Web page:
The rates at which tissue-culture banana technology at smallholder farmer level in Uganda are adopted have reduced since the late 1990s. The study assessed the socio-economic factors influencing adoption of this technology by smallholder farmers. A survey on 280 smallholder farmers sampled from Western Uganda was conducted and responses were subjected to principal component analyses. There are evidences of very low levels of adoption of the tissue culture banana technology. There is a mix between households that completely reject tissue culture banana technology, and others growing diminutive amounts of tissue culture bananas alongside non-tissue culture banana varieties. The scale of production and productivity of non-tissue banana varieties significantly exceeds that of tissue culture bananas (83%: 17%). While expected yield from a banana production technology is a precursor to its adoption, demographic and management characteristics shape the practices that enhance the yield of tissue culture banana technology (p ≤ 0.05) and subsequent decision to adopt or reject tissue culture banana technology. A systems-wide approach is needed to develop mechanisms that would stimulate smallholder farmers to adopt the technology in order to realize the immense potential of tissue-culture banana technology.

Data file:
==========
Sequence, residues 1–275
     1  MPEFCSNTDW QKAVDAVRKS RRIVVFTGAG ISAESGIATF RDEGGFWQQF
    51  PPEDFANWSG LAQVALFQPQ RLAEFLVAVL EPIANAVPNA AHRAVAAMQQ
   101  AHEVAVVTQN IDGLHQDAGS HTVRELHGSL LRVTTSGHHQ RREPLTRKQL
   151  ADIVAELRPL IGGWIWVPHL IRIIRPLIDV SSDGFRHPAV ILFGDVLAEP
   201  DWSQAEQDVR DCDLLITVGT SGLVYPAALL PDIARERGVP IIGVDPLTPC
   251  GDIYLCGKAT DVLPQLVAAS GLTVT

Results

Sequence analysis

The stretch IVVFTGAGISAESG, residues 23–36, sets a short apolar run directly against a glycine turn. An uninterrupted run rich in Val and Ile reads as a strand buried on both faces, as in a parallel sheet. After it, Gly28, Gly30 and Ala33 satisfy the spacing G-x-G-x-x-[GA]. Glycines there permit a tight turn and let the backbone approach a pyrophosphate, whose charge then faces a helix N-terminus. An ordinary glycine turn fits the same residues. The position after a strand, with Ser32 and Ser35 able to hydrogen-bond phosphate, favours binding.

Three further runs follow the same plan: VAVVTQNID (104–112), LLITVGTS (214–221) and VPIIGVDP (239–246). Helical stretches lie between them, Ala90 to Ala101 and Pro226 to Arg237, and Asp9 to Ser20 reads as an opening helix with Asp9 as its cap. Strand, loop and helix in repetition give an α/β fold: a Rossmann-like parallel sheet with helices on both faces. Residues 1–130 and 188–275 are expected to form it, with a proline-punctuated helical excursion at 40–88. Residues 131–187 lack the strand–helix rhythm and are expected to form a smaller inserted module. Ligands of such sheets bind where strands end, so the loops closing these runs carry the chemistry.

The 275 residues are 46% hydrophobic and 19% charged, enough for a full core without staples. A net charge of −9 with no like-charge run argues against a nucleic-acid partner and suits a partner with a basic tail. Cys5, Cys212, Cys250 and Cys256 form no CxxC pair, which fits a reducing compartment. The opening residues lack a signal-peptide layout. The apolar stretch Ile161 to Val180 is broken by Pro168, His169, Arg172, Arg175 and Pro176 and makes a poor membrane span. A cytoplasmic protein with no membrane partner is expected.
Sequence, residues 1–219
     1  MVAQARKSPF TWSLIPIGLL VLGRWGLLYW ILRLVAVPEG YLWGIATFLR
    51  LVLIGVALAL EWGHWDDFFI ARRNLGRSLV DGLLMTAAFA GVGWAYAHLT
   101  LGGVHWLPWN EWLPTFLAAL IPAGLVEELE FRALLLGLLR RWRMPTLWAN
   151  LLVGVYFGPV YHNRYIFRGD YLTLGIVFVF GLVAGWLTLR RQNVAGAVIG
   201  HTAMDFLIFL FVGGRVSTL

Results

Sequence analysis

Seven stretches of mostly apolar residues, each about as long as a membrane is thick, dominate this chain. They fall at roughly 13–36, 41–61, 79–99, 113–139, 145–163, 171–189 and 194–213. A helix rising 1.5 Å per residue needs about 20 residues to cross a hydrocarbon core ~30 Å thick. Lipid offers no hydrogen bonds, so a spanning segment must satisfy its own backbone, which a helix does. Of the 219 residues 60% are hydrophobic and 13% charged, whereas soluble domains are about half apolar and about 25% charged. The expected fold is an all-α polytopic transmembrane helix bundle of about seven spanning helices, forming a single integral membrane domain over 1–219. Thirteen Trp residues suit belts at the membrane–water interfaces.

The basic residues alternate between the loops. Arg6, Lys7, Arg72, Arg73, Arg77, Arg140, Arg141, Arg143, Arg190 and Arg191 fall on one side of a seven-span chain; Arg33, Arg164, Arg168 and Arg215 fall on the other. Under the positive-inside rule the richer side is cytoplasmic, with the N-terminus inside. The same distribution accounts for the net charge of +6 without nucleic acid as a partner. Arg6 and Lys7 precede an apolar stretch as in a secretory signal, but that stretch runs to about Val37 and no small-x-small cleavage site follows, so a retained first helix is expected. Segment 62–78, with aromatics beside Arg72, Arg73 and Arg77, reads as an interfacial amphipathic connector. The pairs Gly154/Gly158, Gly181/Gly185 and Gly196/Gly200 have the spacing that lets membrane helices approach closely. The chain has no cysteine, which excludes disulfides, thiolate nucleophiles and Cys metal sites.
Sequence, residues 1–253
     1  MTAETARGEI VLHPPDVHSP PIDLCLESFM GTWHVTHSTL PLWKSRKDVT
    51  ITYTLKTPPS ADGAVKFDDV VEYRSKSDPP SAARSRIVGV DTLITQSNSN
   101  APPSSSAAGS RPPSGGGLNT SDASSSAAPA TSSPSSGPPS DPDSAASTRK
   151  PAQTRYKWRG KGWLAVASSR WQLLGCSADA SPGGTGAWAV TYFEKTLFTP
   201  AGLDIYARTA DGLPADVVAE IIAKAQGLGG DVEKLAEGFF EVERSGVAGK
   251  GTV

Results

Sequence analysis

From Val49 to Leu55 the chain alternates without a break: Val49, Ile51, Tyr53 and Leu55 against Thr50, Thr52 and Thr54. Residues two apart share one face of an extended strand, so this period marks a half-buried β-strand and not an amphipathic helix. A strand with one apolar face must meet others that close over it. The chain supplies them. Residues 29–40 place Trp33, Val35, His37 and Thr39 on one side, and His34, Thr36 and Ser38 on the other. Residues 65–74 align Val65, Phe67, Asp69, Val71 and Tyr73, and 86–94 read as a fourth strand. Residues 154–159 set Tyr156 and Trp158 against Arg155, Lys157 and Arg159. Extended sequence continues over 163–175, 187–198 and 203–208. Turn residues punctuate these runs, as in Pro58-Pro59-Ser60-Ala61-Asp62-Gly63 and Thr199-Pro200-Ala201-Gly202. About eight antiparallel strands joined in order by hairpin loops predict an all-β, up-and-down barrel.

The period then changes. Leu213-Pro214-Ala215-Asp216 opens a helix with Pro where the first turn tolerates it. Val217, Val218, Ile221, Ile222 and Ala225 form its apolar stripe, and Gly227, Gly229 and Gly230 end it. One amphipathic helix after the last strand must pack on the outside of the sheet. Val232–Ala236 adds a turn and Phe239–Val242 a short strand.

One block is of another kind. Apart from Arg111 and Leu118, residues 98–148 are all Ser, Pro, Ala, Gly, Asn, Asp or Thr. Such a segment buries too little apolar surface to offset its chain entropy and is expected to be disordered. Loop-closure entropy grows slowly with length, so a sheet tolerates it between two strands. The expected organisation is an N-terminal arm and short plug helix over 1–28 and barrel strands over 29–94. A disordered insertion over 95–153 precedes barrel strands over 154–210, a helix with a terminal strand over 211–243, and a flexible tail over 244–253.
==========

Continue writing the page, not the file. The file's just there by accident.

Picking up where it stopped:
Key words: tissue culture banana; adoption, rejection, socio-economic, banana yield, a systems wide approach.
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